- Should I avoid any other medication, food or drinks?
Medications are chemical compounds and are bound to react with other compounds. You have to tell your pharmacist what other medications you’re taking and ask if that’s safe or not. Similarly, some medicines like antibiotics don’t work well with alcoholic drinks, acidic food, dairy products etc. You must ask your pharmacist what you need to cut from your diet for your medication to work. Otherwise the medication may do you more harm than good.
- Is it safe to take if I’m pregnant or breastfeeding?
Medicines prescribed for you can be unsafe for your baby. If you’re pregnant, you have to ask your pharmacist if your medication is safe for your fetus too. Similarly, if you’re breastfeeding, your medication mixes with your milk. You have to ask if that is safe for your child or not.
- Is it safe to take if I’m trying to get pregnant?
If you’re prescribed a medication, you have to think of imminent health changes too. If you’re trying for a child, you have to make sure if the medication affects your fertility or not. If you get pregnant in the middle of your drug course, what should you do? It’s necessary you discuss such issues with your pharmacist beforehand.
- What should I do if I forget a dose or take a dose incorrectly?
If you’re not taking your medication properly, it doesn’t improve your health. You have to take it correctly and should know what to do if you miss a dose. You have to ask your pharmacist what you can do in such situations. For instance: If you’re taking medication to treat tuberculosis, you have to complete the drug course without missing a single dose. If you miss, you have to restart the whole course.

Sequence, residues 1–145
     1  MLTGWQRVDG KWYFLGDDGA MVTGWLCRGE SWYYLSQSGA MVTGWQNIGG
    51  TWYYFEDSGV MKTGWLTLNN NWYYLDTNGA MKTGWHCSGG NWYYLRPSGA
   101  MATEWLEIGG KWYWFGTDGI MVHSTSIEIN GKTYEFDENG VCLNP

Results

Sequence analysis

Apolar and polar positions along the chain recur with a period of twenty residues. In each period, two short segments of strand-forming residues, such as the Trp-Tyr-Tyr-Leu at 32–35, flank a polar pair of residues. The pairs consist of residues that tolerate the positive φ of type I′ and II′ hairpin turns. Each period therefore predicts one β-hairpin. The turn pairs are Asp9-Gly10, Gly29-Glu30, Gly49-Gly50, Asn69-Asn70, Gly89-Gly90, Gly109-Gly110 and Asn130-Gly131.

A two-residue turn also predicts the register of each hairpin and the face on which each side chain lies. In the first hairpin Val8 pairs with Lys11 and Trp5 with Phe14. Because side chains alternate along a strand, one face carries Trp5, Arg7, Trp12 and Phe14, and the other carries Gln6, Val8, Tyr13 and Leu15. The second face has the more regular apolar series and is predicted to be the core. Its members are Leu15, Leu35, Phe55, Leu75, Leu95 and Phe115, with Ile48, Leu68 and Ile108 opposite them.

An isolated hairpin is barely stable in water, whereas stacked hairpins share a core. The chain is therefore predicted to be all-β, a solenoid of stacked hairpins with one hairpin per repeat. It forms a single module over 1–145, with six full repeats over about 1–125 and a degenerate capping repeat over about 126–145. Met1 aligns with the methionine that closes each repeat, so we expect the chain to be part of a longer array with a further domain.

- What’s the best way to store my medication?
Most medication require to be stored in a cool, dry place. Humid temperature and direct sunlight are not advised. If not stored properly, the medicine can lose its strength. You have to ask your pharmacist how to store your medication and where to store your medication. Similarly, you can also ask them how to store your medication if you’re travelling.
- What’s the best way to dispose of my medication?
This part is generally ignored but is of utmost important. Some medicines can react unfavourably with the environment when they expire. Some medicines come in bottles that may be hazardous to fire. Your pharmacist can suggest you to properly dispose of your medication. Some pharmacies even provide you with disposal bags.
- How do I refill my prescription the next time?
Once you have your prescription filled, you may have to come back to refill that same prescription. By the time you need to refill, the dose of your prescription may need to be increased or decreased. Sometimes your medicine may need to be altered for a slightly stronger or weaker version. You have to ask your pharmacist what you can expect from your medication by that time. If you’re refilling your prescription at the same pharmacy, you can talk to your pharmacist about your health changes and accordingly take further steps.
- When should I follow-up with my doctor or physician?
Despite taking highest care, your medication may not work for you. Aside from the side effects, your body may not adjust with the new medication. You must ask your pharmacist these risks and take advice on what to do if that happens. It is important to know when to consult your doctor or physician for any health complications, and your pharmacist can help you make that decision.